a picture showing moyo okediji clothe batik



In the Yoruba language, there is no goodbye.

“Ó dàbọ̀,” which is what stands for the idea of goodbye, actually is the very opposite of goodbye.

Why? Because “Ó dàbọ̀” does not say that you are leaving.

Rather, as you depart, you are speaking of “àbọ̀,” meaning, “the return.”

As you depart, you begin to celebrate your return.

What is even more remarkable? As you leave, you say, “Mo ń bọ̀,” meaning “I am returning.”

Nobody, who speaks Yoruba properly, ever says “Mo ń lọ,” when they depart. “Mo ń lọ́” is the true goodbye, in the literal sense.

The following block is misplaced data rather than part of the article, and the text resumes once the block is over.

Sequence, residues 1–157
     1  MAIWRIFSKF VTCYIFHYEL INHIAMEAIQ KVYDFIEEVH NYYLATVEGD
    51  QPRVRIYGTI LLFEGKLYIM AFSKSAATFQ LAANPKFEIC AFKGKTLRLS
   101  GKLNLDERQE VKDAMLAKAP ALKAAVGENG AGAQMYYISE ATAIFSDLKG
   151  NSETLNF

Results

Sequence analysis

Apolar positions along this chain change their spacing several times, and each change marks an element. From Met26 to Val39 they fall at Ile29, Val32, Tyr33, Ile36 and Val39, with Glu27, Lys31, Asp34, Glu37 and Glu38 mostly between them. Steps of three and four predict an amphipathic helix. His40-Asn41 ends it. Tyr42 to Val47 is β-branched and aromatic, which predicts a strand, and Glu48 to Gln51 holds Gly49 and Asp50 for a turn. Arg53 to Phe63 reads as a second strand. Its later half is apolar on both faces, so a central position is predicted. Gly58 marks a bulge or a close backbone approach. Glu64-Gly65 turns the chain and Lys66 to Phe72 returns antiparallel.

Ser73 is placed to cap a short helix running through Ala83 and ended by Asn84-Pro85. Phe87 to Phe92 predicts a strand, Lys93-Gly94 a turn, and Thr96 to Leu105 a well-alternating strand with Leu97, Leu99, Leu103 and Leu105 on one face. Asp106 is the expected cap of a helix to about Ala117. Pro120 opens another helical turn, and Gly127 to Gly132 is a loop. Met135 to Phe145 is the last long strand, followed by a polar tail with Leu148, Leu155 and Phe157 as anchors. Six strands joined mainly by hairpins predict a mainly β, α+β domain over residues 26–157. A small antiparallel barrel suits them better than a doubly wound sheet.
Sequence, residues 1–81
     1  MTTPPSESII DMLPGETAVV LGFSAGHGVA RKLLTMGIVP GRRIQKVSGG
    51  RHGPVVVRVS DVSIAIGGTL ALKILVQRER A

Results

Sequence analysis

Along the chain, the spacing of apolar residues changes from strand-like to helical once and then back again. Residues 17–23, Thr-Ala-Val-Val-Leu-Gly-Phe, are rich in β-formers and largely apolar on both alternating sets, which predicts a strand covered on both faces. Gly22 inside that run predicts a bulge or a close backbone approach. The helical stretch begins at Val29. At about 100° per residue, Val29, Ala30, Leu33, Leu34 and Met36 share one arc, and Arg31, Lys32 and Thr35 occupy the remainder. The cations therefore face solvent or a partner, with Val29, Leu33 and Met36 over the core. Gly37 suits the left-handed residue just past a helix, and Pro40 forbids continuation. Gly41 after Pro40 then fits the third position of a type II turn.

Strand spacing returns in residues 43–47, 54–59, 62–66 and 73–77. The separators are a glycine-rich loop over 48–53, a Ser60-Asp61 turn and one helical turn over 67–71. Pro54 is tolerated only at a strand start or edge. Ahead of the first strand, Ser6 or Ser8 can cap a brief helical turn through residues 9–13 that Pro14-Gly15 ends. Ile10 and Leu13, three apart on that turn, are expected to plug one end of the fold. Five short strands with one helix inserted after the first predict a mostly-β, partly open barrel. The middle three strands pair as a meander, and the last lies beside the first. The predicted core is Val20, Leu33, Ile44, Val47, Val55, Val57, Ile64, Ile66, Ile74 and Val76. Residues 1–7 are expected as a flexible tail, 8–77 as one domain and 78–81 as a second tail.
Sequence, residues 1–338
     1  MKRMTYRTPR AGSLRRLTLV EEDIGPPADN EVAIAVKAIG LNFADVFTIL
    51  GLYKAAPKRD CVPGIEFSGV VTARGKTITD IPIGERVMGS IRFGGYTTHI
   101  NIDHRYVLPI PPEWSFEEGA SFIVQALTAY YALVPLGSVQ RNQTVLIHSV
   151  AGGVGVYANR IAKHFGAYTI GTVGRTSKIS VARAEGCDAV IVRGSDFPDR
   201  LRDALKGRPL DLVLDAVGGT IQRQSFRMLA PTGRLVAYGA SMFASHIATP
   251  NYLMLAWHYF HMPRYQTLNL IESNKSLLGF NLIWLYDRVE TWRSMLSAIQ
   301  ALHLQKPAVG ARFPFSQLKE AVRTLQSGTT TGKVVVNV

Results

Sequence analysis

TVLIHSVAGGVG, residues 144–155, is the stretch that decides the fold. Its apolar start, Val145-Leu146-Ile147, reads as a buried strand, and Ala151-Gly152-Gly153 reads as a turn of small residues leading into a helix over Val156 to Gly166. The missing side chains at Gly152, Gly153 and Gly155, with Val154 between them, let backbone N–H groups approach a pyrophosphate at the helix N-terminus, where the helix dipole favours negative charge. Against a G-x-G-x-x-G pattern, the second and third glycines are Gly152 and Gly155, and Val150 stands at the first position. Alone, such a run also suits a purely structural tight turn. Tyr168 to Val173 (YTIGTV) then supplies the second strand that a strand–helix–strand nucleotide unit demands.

To speak Yoruba is not a matter of understanding the direct meaning of the words: the direct meaning of the word actually hides the deeper, or real meaning.

Ijapa says “Never say ‘Mo ń lọ; Say mo n bo.'”

Do you know why you never say “Mo ń lọ” when you depart?

If you speak Yoruba properly, what does “Mo n lo” really mean, beyond the surface meaning?

Singing: Ó mà ń lọ nìyẹn

Ewé ayọ́.

Ó di gbére nìyẹn

Ewé ayọ́.

If you say “Mo ń lọ,” that is not good.


Picture show an Ijapa top that I designed in 1982, hand-stitched by my friend and collaborator, Gbemi.

I still wear it 40 years later.

Interested in some of my published works?

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